The Weekly Insight: February 5
Texas Insight Reports
- Texas Gun Violence as a Public Health Issue Part II: This is the second posting in the TI series on gun violence framed as a public health issue. This posting will summarize current firearm policies in the state, laying the groundwork for subsequent postings on the public health approach to gun violence in Texas.
- HHSC: Intellectual and Developmental Disability System Redesign Advisory Committee: The Intellectual and Developmental Disability System Redesign Advisory Committee gathered for their quarterly meeting. Created by Senate Bill (SB) 7 of the 83rd Texas Legislature (Regular Session), [the Committee] will advise HHSC and the Texas Department of Aging and Disability Services (DADS) on the implementation of the acute care services and long-term services and supports (LTSS) system redesign for people with intellectual and developmental disabilities.
Federal Healthcare Policy Reports
- Labor, Health and Human Services, and Education: FY2018 Appropriations
This report offers an overview of actions taken by Congress and the President to provide FY2018 appropriations for accounts funded by the Departments of Labor, Health and Human Services, and Education, and Related Agencies (LHHS) appropriations bill.
- Taxes and Fees Enacted as Part of the Affordable Care Act
Background and Provisions: The Patient Protection and Affordable Care Act contains a number of tax provisions that serve different purposes. Some of the more well-known provisions, such as the individual mandate and employer penalty, have revenue and budgetary effects but are primarily intended to encourage health insurance coverage. The focus of this product is a number of other taxes and fees enacted as part of the ACA that primarily serve to raise revenue.
- DNA Testing in Criminal Justice: Background, Current Law, and Grants: This report provides an overview of how DNA is used to investigate crimes and help protect the innocent. It also reviews current statutory law on collecting DNA samples, sharing DNA profiles generated from those samples, and providing access to post-conviction DNA testing. The report also includes a summary of grant programs authorized by Congress to assist state and local governments with reducing DNA backlogs, provide post-conviction DNA testing, and promote new technology in the field.
Texas Healthcare News
- Medical cannabis dispensaries are opening in Texas, but the newly legal oils still aren’t easy to procure: The state has approved three dispensaries to provide cannabis oil to seizure patients. But with only 17 doctors able to prescribe it, the oils still can be tough to secure.
- Harvey, budget intertwined as Texas awaits federal disaster aid: Texas House Appropriations Committee Chairman Rep. John Zerwas, R-Richmond, told health care leaders and advocates this afternoon he had no doubt Hurricane Harveyrelief would require Rainy Day Fund But it would not require returning lawmakers to Austin for a special session, he said.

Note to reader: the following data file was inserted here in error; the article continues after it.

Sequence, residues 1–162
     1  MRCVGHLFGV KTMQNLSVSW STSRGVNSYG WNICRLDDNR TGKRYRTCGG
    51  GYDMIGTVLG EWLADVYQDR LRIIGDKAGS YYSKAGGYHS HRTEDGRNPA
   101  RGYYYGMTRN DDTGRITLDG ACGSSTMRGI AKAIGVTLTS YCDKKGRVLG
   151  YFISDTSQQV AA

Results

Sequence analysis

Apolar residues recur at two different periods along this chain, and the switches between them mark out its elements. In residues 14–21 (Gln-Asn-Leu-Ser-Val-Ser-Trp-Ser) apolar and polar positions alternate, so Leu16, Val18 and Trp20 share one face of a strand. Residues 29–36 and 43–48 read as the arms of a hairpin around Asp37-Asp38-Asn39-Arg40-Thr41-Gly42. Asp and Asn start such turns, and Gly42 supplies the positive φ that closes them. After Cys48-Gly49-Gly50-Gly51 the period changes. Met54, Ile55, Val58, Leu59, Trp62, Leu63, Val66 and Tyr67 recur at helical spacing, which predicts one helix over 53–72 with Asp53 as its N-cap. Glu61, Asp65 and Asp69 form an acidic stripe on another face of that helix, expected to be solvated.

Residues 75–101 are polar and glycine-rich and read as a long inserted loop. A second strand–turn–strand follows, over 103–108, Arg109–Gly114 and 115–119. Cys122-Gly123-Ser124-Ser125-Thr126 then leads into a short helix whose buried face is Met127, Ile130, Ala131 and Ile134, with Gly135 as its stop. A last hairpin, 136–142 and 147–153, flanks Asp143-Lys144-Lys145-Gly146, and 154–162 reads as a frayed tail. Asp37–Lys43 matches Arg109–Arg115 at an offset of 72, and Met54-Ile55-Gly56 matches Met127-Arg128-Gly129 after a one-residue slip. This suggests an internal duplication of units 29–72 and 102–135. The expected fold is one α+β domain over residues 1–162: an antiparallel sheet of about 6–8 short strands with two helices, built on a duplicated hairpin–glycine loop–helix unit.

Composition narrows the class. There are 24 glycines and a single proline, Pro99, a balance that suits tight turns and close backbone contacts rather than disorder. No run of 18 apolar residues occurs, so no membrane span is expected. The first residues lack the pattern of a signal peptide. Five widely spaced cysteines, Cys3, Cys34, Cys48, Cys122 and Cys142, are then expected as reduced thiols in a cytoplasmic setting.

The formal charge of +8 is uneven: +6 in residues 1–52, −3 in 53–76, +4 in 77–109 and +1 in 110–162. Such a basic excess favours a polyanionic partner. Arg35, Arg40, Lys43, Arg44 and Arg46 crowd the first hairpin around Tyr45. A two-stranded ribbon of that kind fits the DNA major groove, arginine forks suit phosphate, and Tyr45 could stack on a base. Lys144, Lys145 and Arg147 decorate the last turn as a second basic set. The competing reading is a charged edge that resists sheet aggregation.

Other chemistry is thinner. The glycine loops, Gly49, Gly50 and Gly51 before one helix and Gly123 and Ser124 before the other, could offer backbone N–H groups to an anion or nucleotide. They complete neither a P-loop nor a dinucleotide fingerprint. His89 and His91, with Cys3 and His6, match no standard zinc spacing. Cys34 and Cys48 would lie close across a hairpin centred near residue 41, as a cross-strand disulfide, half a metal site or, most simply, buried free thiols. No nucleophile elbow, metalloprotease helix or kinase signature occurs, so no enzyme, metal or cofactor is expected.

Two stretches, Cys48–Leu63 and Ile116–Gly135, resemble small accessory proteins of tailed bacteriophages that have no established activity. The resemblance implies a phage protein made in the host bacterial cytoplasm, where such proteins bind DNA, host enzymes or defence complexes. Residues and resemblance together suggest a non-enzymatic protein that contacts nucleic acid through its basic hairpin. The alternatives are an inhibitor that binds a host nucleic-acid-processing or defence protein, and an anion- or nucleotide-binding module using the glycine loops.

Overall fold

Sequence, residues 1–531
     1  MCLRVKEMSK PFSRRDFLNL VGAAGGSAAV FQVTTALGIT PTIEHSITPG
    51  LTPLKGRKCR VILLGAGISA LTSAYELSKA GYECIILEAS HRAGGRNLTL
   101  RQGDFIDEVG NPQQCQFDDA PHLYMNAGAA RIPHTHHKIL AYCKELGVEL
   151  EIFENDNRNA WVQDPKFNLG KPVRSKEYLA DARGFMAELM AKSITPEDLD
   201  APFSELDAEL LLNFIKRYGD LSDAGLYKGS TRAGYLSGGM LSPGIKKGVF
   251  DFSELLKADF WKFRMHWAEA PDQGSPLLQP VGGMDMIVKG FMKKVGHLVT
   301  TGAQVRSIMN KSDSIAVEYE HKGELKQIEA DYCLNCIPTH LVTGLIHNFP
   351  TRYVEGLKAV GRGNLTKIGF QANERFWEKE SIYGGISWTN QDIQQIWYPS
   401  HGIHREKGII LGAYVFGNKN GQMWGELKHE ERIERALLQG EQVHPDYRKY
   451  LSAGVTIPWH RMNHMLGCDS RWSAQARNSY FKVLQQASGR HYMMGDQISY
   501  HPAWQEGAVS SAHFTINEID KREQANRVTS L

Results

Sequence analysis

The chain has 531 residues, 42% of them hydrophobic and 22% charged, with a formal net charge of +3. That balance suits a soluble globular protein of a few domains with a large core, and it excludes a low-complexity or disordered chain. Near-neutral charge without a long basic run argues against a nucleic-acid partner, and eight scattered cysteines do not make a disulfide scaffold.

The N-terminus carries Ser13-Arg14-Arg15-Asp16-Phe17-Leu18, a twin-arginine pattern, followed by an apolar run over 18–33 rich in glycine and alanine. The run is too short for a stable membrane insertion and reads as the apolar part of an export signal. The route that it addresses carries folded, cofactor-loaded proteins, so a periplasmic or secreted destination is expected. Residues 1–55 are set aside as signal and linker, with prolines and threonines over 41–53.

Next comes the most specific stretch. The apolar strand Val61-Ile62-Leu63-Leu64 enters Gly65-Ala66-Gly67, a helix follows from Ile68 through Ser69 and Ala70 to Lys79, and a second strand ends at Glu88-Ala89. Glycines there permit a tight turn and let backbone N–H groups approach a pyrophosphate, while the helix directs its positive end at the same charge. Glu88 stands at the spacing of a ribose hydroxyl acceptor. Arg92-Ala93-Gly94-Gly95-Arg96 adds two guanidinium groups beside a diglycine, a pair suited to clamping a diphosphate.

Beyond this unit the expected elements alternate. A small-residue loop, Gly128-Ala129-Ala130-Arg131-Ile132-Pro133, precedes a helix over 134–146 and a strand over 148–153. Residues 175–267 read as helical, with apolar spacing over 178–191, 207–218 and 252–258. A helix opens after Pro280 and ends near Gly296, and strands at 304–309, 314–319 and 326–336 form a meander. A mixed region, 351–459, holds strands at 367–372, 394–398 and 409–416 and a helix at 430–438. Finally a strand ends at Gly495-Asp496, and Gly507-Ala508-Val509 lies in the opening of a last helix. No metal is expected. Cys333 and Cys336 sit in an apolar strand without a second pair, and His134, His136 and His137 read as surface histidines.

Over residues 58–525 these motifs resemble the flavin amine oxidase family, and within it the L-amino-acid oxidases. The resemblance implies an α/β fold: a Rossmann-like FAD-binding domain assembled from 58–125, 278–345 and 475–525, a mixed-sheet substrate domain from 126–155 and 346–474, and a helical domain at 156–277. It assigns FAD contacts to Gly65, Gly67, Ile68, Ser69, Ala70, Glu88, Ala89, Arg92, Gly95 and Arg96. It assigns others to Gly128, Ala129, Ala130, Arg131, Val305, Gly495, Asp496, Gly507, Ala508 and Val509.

- Speaker Straus calls for hearings on HHSC audit of Medicaid provider: Texas HouseSpeaker Joe Straus is calling for legislative hearings to account for the Health and Human Services Commission allowing a managed care provider to net $30 million in incentives and bonuses.
- Health agency leader: “We welcome” audits into contracting issues: Texas Health and Human Services executive commissioner Charles Smith said during a speech Thursday that his agency is working to improve how it handles contracts.
Federal Healthcare News
- U.S. Pays Billions for ‘Assisted Living,’ but What Does It Get?
Federal investigators say they have found huge gaps in the regulation of assisted living facilities, a shortfall that they say has potentially jeopardized the care of hundreds of thousands of people served by the booming industry.
- In the U.S. Virgin Islands, Health Care Remains in a Critical State
Health care in the U.S. Virgin Islands remains in a critical state, five months after Hurricane Irma and Hurricane Maria pummeled the region. The only hospital on St. Thomas, the Schneider Regional Medical Center, serves some 55,000 residents between the islands of St. Thomas and St. John. Schneider’s facilities suffered major structural damage, forcing a decrease in its range of services, mass transfers of its patients, staff departures and significant losses in revenue. Only about one-third of the beds are currently available for patient care.
- Flu Patients Arrive in Droves, and a Hospital Rolls out the ‘Surge Tent’
The worst flu season in nearly a decade has filled emergency rooms and strained resources at medical centers. Hospitalization and infection rates are among the highest in two decades.
- Director of Veterans Hospital Accused of Manipulating Ratings is Replaced
The Department of Veterans Affairs announced on Thursday it would replace the director of its medical center in Roseburg, Ore., Douglas Paxton. He had come under fire in recent weeks for limiting the number of patients the center admitted in an effort to improve its dismal performance rating, according to doctors at the hospital.
- Trump’s top health official traded tobacco stock while leading anti-smoking efforts
The Trump administration’s top public health official bought shares in a tobacco company one month into her leadership of the agency charged with reducing tobacco use — the leading cause of preventable disease and death and an issue she had long championed.
- Senate defeats Trump-backed 20-week abortion ban: The Senate on Monday blocked a bill, backed by President Donald Trump, to ban abortion after 20 weeks of pregnancy.